“Our early classes were relatively lecture-heavy, and while they used many active learning strategies, the emphasis was on the recorded video content,” Joyner said. But now, he said, online MS in computer science courses are instead built around six areas of focus:

  • Courses with minimal lecture content based on open, student-driven projects
  • Laboratory-based challenges and simulation-based assessment
  • Synchronous workshops with lecturers and teaching assistants
  • Seminars focused on student presentations or shared reading interests
  • Courses based on partnerships with real-world nonprofits or healthcare professionals
  • Independent student research in partnership with faculty

What are the prospects beyond this year?

In the application cycles since the pandemic began, applications for Georgia Tech’s OMSCS have increased by 14%.

Joyner suspects that the increase in applicants for this online postgraduate program in computer science is only temporary. He believes that at a time when “there is so much uncertainty about personal finance, the global economy and public health,” students are drawn to affordable online education.

Joyner also highlighted a notable demographic shift at Georgia Tech. The average age of incoming OMSCS students has dropped from 37 to 30 years.

This likely indicates that “we are attracting more early-career students and fewer mid-career professionals who have waited more than 15 years for an opportunity to study computer science in a more formal program.”

Textual reading "The median age of Georgia Tech's incoming OMSCS students dropped from 37 to 30. Why?  People don't wait that long to study computer science in a formal program."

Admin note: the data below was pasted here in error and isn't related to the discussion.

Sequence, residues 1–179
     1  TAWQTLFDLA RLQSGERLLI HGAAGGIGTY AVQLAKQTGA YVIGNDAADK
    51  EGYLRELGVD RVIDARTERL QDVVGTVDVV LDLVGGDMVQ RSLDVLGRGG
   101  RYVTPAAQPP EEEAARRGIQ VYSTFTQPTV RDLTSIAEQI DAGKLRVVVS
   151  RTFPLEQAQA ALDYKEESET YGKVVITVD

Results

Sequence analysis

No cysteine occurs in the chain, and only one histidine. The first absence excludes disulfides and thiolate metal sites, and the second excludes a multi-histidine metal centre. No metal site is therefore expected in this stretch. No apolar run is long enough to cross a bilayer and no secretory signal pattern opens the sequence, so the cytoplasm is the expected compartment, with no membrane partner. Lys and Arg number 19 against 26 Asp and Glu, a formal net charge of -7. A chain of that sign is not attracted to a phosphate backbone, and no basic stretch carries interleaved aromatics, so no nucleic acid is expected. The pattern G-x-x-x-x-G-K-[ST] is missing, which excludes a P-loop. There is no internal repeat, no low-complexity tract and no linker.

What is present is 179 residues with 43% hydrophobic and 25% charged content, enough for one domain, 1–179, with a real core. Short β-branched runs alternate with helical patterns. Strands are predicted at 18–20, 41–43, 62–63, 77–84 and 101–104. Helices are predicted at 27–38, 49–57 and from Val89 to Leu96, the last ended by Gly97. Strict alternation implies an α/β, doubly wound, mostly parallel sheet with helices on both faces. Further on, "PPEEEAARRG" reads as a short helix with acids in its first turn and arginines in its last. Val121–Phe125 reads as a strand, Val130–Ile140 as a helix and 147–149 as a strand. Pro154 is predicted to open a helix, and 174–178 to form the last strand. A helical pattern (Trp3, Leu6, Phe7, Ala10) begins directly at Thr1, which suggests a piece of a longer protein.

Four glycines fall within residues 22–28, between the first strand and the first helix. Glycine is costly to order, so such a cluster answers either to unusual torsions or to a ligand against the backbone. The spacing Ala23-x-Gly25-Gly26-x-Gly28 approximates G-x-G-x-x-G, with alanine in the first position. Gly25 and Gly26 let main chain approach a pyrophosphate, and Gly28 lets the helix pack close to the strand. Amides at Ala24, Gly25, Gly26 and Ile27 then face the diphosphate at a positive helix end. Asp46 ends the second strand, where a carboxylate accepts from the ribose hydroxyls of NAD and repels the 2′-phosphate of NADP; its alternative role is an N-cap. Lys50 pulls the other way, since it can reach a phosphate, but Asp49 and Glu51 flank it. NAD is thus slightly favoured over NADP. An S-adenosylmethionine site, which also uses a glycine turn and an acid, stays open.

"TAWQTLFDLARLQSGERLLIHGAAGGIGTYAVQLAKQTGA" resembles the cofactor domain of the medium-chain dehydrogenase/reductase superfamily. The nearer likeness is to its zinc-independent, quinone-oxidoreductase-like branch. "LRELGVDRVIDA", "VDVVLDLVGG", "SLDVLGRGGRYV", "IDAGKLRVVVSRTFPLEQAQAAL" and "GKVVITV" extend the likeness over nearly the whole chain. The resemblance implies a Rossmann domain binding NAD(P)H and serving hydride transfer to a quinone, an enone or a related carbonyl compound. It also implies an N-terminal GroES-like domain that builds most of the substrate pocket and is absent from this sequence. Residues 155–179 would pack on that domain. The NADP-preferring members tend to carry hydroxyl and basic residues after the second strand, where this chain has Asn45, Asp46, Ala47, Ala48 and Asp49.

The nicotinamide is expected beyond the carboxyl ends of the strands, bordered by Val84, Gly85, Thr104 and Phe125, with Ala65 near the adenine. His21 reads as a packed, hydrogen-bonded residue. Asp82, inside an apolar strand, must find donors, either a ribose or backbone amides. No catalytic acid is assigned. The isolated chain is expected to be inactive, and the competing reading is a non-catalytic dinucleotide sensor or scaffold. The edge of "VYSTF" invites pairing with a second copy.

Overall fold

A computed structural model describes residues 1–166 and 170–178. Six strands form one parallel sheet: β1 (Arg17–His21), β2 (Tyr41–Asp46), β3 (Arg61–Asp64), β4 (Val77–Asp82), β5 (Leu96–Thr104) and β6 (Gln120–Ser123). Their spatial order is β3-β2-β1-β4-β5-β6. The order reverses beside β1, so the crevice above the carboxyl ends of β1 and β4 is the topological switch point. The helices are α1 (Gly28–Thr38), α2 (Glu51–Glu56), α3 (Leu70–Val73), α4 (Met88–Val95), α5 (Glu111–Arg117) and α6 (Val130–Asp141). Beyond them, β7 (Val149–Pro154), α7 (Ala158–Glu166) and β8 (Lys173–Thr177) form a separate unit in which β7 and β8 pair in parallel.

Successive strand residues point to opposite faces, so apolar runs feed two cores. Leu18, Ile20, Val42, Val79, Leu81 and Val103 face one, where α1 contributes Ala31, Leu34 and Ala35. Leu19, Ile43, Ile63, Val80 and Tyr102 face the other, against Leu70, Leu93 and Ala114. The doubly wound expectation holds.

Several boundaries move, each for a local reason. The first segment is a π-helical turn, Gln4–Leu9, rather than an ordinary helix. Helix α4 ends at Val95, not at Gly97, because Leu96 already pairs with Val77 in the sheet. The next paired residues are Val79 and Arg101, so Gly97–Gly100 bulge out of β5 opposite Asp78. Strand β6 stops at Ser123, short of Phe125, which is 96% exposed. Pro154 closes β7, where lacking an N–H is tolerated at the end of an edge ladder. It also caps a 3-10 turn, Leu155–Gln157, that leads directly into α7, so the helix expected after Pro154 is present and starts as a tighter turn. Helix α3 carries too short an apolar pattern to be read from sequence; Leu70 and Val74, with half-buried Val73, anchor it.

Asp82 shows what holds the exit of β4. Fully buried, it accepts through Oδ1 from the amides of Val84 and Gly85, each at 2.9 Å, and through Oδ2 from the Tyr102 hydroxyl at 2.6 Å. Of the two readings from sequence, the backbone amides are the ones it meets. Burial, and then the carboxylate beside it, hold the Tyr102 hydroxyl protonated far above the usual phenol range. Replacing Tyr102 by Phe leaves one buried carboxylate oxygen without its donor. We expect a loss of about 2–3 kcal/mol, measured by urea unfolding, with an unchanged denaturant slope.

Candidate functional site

Tori Rubloff/ZDNet

“Nevertheless,” he continued, “we were wrong before: we thought we had stabilized in the first three years of the program, only to see explosive growth thereafter.”

Busch of UT Austin also has positive prospects for postgraduate computer science education.

“We anticipate a continued increase in enrollment in both the MCSO program and online graduate education in general,” he said. “The MCSO continues to add new courses and expects to be among the leaders in online computer science education based on its use of tenured faculty to teach online courses and its focus on rigor and building a student community.”

This article was reviewed by Monali Mirel Chuatico

Monali Mirel Chuatico, a woman with long dark hair, smiles in a headshot.

2019, Monali Mirel Chuatico graduated with her Bachelors in Computer Science, which gave her the foundation she needed to excel in roles such as data engineer, frontend developer, UX designer and computer science teacher.

Monali is currently a data engineer at Mission Lane. Called as Data Analytics Captain at a non-profit organization COOP careerMonali helps new graduates and young professionals overcome underemployment by teaching them data analysis tools and mentoring them in their professional development journey.

Monali is passionate about implementing creative solutions, building communities, advocating mental health, empowering women and educating youth. Monali’s goal is to gain more experience in her field, expand her skills, and do meaningful work that makes a positive impact on the world.

Monali Mirel Chuatico is a paid member of the freelance assessment network Red Ventures Education.

Last checked on March 21, 2022.